Life Wellbeing Imagine living to 85 and liking it? Then you’re probably halfway there

Imagine living to 85 and liking it? Then you’re probably halfway there

Optimism appears to protect against cardiac events, and prolongs life. It can't be explained. PHOTO: supplied
Twitter Facebook Reddit Pinterest Email

Optimistic people in full flight can be such a pain in the neck, one might wonder how come they live so long.

But they do. And why they do remains an educated guess.

Is it their up-ness that makes them winners?

Or is it more they are free of the down-ness – the inability to imagine any kind of future, let alone happy one – most notably associated with depression and anxiety?

Is optimism more than being free of an emotional anchor around your neck?

Two new large studies offer some clues

Researchers from Boston University School of Medicine have found individuals with greater optimism are more likely to live longer and to achieve “exceptional longevity”, which they define as living to age 85 or older.

The study was based on 69,744 women and 1 429 men. Both groups completed surveys to assess their level of optimism, as well as their overall health and health habits such as diet, smoking and alcohol use.

Women were followed for 10 years, while the men were followed for 30 years.

When individuals were compared based on their initial levels of optimism, the researchers found the most optimistic men and women demonstrated, on average, an 11 to 15 per cent longer lifespan, and had 50 to 70 per cent greater odds of reaching 85 years old compared to the least optimistic groups.

The results were maintained after accounting for age, demographic factors such as educational attainment, chronic diseases and depression, and also health behaviours, such as alcohol use, exercise, diet and primary care visits.

An 85-year-old optimist is itself a mystery

The researchers described optimism as “a general expectation that good things will happen, or believing that the future will be favourable because we can control important outcomes”.

The researchers admit they can’t offer a concrete explanation how this state of mind translates into a greater chance of exceptional longevity.

“Whereas research has identified many risk factors that increase the likelihood of diseases and premature death, much less is known about positive psychosocial factors that can promote healthy ageing,” the authors write.

This week, a team of US cardiologists and health experts published a meta-analysis and systematic review of 15 studies (10 studies reported data on cardiovascular events and nine reported data on all-cause mortality) with nearly 230,000 participants and an average follow-up of nearly 14 years.

They found that general optimism was linked to a significantly lower risk of heart problems, coronary disease and stroke, while pessimism carried a higher risk.

But it goes beyond the old ticker confidently beating on.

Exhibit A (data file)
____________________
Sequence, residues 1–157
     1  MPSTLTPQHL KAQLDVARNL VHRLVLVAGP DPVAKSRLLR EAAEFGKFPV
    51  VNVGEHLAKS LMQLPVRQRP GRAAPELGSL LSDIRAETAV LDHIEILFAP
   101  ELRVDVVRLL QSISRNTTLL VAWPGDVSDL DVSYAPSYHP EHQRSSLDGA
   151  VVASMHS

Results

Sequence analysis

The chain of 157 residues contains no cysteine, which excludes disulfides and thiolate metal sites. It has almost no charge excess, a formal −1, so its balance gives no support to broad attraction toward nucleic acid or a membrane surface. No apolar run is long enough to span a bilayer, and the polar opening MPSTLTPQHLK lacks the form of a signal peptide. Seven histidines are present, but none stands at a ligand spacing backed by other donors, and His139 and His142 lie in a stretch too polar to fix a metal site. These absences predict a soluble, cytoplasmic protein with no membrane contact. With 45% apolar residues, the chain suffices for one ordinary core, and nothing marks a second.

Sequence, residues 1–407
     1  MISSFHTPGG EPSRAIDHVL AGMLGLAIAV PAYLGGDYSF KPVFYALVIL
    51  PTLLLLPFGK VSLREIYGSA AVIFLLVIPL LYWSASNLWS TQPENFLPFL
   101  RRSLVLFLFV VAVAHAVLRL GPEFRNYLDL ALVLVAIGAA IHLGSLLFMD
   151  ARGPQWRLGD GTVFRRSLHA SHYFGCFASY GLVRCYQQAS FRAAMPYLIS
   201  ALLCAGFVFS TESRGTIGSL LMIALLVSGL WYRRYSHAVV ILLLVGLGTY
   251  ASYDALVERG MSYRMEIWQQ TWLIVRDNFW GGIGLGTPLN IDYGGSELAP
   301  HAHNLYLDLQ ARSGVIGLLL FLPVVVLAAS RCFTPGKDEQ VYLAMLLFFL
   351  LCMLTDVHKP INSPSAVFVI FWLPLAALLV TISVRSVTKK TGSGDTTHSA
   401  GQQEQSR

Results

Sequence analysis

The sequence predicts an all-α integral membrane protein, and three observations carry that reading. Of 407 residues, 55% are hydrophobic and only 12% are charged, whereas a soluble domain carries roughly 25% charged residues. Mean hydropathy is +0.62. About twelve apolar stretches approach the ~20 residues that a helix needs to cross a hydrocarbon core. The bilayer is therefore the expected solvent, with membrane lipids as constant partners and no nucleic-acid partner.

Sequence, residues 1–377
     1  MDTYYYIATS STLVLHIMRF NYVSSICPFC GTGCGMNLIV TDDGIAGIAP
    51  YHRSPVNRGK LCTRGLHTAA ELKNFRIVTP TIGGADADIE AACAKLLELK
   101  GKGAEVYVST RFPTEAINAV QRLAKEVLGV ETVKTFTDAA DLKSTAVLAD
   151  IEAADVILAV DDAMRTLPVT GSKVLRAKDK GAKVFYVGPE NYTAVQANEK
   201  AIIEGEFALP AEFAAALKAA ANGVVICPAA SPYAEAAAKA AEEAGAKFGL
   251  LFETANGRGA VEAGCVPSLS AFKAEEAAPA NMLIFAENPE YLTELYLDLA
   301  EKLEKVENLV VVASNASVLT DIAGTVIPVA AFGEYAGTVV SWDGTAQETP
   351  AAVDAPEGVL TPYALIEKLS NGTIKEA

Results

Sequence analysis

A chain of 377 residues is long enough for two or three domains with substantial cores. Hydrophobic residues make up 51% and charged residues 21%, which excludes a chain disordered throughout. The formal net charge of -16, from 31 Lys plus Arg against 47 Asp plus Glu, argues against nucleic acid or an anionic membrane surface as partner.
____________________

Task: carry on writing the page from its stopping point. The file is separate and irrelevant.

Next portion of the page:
These researchers noted: “Empirical studies have long indicated that more optimistic individuals are more likely to succeed at work and in school, sports, politics, relationships and other forms of life endeavours.”

In their analysis of previous research, the scientists – from Mount Sinai St Luke’s Hospital in New York, and Massachusetts General Hospital –concluded the effects of optimism went “beyond those of depression or other forms of psychological distress, a critical finding because a concern about such findings is that they simply reflect the absence of depression rather than active effects of optimism”.

Is there a how-to guide to optimism?

Apart from trying to conjure this fuzzy magical mindset from nothing, how can a pessimist – someone who may otherwise see themselves as a realist – turn into an optimist?

In 2013, researchers from the University of Southampton found “feeling nostalgic about the past will increase optimism about the future. The research examined the idea nostalgia is not simply a past-orientated emotion but its scope extends into the future, with a positive outlook.

So maybe a bout of nostalgia – simply looking back on the good times – might help flip you to the sunny side.

In 2011, researchers from Maastricht University in the Netherlands conducted a two-week experimental “intervention” in which test subjects were coached in imagining “a best possible self” (a somewhat hideously overused term in our culture these days) as a means of cultivating optimism.

The interesting aspect of this study was the test subjects reported being significantly more optimistic, regardless of the actual mood effect.

The Harvard Business Review, noting that “optimists earn and save more money”, offer these tips:

  • Practise gratitude. When you wake up each morning, think of three things you’re thankful for. It only takes a minute, and it puts a positive spin on the day. (Also, resist the urge to immediately check the news, which often does the opposite)
  • Find ways to make progress toward your goals. Whether you want a new job or you’re launching a new project, taking even small steps forward can give you a larger sense of momentum
  • Prioritise connecting with others. Get lunch with friends you haven’t seen lately, or send a co-worker a note that you’re thankful for them. Social connection is one of the top predictors of happiness.

This can all sound a bit inky-binky. But a true optimist won’t mind that, one imagines.

View Comments